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Process Element Wrapper and the Context Verb Object Method Registry

IP.com Disclosure Number: IPCOM000107664D
Original Publication Date: 1992-Mar-01
Included in the Prior Art Database: 2005-Mar-22
Document File: 3 page(s) / 132K

Publishing Venue

IBM

Related People

Decker, SR: AUTHOR

Abstract

This article describes a mechanism for defining and managing "methods" so that they can be easily found and used. The mechanism - the context verb object (CVO) method registry - addresses a principal weakness of traditional object-oriented programming systems (OOPS): the lack of support for specialized behavior based on specific instances.

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Process Element Wrapper and the Context Verb Object Method Registry

       This article describes a mechanism for defining and
managing "methods" so that they can be easily found and used. The
mechanism - the context verb object (CVO) method registry - addresses
a principal weakness of traditional object-oriented programming
systems (OOPS): the lack of support for specialized behavior based on
specific instances.

      The method registry represents a level of indirection between a
method and the use of that method with one or more objects.  Note:
Under the method registry scheme, objects are self-describing
representations of everyday business entities (e.g., contracts,
insurance policies, and sales orders). A method is a program,
procedure, or action (manual or automated) performed on an object.

      The registry provides a means of categorizing methods in
generic high-level groupings, and it retains the semantic clarity of
class and instance while providing direct support for methods
specialized at the level of instance invocation.

      The method registry supports a process-element wrapper. A
process element (see the figure) is a specific instance of the use of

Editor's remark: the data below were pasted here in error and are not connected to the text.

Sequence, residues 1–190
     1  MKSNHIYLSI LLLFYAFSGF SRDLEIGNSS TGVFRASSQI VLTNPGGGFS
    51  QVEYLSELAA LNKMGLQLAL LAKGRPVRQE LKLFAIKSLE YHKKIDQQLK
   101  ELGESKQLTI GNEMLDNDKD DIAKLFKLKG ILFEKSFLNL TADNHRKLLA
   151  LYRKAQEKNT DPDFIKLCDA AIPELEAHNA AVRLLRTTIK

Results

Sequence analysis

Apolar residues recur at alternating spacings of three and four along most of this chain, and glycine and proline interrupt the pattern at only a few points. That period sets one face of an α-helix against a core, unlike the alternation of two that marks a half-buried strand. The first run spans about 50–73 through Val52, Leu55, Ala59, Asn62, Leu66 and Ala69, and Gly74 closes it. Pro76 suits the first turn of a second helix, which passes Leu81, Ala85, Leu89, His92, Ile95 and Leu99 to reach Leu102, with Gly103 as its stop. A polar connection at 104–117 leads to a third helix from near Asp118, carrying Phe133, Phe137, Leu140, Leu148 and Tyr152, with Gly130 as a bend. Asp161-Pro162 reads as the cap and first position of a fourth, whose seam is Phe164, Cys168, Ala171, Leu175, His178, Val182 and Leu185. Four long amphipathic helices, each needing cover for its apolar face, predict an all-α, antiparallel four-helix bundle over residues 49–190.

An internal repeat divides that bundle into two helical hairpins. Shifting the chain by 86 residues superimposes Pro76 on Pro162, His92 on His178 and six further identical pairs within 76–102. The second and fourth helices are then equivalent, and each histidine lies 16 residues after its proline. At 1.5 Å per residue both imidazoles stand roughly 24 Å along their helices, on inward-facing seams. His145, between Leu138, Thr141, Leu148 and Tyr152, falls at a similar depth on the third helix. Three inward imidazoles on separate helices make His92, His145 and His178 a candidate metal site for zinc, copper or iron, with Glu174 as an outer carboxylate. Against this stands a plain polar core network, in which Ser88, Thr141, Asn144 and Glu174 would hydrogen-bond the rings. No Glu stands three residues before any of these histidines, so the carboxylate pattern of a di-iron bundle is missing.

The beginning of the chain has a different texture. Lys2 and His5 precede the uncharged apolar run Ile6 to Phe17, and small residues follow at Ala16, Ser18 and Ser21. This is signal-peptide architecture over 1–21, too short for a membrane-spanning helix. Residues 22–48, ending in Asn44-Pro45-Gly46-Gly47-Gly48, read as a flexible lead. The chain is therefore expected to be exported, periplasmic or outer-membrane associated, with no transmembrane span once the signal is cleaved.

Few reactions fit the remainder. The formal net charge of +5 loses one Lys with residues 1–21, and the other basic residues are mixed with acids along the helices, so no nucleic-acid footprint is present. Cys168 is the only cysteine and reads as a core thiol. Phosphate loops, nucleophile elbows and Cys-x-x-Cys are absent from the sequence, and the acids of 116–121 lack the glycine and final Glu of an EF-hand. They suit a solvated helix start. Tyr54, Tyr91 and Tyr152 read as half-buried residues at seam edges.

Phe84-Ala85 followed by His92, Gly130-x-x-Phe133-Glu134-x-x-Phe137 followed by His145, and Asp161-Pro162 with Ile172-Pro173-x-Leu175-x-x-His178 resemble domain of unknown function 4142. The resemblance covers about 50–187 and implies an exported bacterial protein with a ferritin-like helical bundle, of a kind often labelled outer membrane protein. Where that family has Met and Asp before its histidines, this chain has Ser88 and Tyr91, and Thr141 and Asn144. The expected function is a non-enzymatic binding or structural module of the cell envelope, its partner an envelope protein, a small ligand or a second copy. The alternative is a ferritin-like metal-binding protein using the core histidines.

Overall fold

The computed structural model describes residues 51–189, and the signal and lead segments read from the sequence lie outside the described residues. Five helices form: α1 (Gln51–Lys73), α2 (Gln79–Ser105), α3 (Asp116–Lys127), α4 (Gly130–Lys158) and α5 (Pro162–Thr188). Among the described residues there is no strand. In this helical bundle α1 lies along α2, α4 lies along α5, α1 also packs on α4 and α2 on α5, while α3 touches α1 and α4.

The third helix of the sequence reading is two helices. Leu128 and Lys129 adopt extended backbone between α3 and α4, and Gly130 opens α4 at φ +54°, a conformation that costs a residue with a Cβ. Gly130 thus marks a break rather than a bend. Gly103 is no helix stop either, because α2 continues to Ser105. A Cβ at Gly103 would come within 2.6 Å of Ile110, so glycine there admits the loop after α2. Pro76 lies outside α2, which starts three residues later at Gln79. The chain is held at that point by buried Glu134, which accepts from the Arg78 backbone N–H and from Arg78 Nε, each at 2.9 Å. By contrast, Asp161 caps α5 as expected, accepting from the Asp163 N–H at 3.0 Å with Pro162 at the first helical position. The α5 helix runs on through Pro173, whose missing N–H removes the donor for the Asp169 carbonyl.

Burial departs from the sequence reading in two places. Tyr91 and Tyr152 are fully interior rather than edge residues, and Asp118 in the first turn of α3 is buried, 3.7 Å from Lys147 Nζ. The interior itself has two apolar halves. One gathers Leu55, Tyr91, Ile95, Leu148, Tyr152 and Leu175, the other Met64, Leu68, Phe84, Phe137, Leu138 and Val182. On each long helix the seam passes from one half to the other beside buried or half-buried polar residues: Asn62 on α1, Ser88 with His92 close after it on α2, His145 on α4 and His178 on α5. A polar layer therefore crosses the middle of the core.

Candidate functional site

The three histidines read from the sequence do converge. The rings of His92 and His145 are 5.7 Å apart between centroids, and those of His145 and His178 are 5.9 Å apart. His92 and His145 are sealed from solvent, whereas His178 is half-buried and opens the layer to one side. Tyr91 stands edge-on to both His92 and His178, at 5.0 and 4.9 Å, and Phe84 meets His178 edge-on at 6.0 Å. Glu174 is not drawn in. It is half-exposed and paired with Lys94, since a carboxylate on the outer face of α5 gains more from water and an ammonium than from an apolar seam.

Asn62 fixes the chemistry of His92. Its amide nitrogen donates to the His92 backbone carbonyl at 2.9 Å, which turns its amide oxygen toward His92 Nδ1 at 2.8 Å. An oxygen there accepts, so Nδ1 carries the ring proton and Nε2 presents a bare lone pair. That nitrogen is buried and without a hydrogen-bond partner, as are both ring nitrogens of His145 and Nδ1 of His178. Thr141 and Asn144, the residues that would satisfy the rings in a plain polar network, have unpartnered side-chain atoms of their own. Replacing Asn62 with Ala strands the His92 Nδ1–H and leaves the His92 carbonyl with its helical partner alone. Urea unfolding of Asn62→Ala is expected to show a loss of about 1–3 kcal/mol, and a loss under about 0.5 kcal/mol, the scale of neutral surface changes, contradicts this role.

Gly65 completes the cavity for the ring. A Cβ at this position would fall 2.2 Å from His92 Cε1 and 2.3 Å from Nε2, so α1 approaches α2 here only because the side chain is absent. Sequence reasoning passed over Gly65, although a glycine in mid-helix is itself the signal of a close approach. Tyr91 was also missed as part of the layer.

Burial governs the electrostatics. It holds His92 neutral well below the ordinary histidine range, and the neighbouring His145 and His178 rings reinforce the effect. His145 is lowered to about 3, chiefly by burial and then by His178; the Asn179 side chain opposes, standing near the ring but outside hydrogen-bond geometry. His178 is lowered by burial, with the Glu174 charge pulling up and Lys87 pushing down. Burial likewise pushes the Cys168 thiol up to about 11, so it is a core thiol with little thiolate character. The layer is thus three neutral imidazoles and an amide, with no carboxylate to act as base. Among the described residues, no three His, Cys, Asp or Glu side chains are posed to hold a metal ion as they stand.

the method registry for a single method. The method registry provides
common access facilities for all methods registered. The registry's
level of indirection makes easier the update and replacement of
methods, the inclusion of methods written in any language, and the
use of unmodified business processes across operating platforms.

      The primary benefits of OOPS derive from the reuse of their
function. Such systems provide a class structure for the inheritance
of object-class attributes and access to methods (function).
Traditional object-oriented class structures relate methods and
objects by issuing messages to the object, employing inheritance
mechanisms between a class and its sub-classes. Methods defined for
objects of a class that allow inheritance by lower-order objects are
automatically made available to the lower-order class. When
communications between people defining methods for object classes are
good, better use is made of method sharing. When objects become
larger and many people share the object-class structure, the
structure grows because methods are added without being recognized as
replicas or close copies of existing methods. When a required method
is not directly inherited from a superior class (though it may exist
in an unassociated class), either a new class is defined (one that
includes the object class with the method and the object class
requiring the method) or the method is replicated. New method- and
object-classes are often created to compensate for oversights. The
method registry serves to restrict this kind of unwieldy
proliferation and to provide a flexible mechanism for making methods
available...